The Catholic yarn of the novel burns perhaps the brightest of all. It is continually present, even under circumstances that one would believe had no call for it. Which is the point of it. Waugh paints a Catholicism that is everywhere, in everything, allows its followers no freedom, no room to grow and change, nothing entirley of their own, of a Big Brother type God/Church who sees everything. It is an ideology of no escape, which we see several characters- most notably the tragic Sebastian- struggling against. It is a condemnation of the stranglehold that the Church places on human beings, or being human at all. It is the Church, in the end, despite all the helping factors of society, the past, the changing-too-fast present, that ultimately destroys the hopes and dreams of all the main characters. Charles, Sebastian, Julia, Lord Marchmain, Lady Marchmain, all of them. They cannot escape it. Not even Charles, who isn't even a Catholic, but is merely in love with this family infused with it. One of the most constant questions by Charles is, "Do you always talk about religion so much?" or "Why bring God into it?" totally uncomphrending that the family can't get God /out/ of anything.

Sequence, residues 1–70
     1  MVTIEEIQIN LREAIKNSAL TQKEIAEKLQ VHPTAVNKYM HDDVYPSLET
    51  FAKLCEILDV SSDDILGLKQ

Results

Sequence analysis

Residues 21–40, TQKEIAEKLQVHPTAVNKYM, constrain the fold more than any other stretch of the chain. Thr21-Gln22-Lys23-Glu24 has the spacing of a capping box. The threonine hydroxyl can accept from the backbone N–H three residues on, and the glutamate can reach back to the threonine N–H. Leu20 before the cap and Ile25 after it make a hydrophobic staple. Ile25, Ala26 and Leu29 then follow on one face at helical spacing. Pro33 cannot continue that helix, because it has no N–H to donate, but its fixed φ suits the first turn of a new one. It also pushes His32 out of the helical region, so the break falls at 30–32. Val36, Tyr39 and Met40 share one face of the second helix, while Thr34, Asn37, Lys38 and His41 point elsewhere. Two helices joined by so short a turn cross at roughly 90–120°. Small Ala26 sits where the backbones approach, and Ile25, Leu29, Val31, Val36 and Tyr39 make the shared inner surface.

Lady Marchmain stands in for God on Earth, while Sebastian is the hugely flawed Christ character. He's actually something of a cross between Christ and a Drowning Ophelia, but really, in terms of action, is there much difference? Especially since Sebastian is really a Christ of the Jesus in the Garden variety, that is of the "let this cup pass from me," variety. It is said over and over again that he has a calling, that he is holy yet rather heathen, and even he ends up in the embrace of the Church. A pathetic embrace it may be, yet he ends in serving it despite whatever he might have willed or tried to forget through his drunkenness and wandering. Sebastian is the most heartbreakingly beautiful pieces of the story, though he fades out of view in the second half. He still manages to drive the motion, to keep Charles' reluctant love.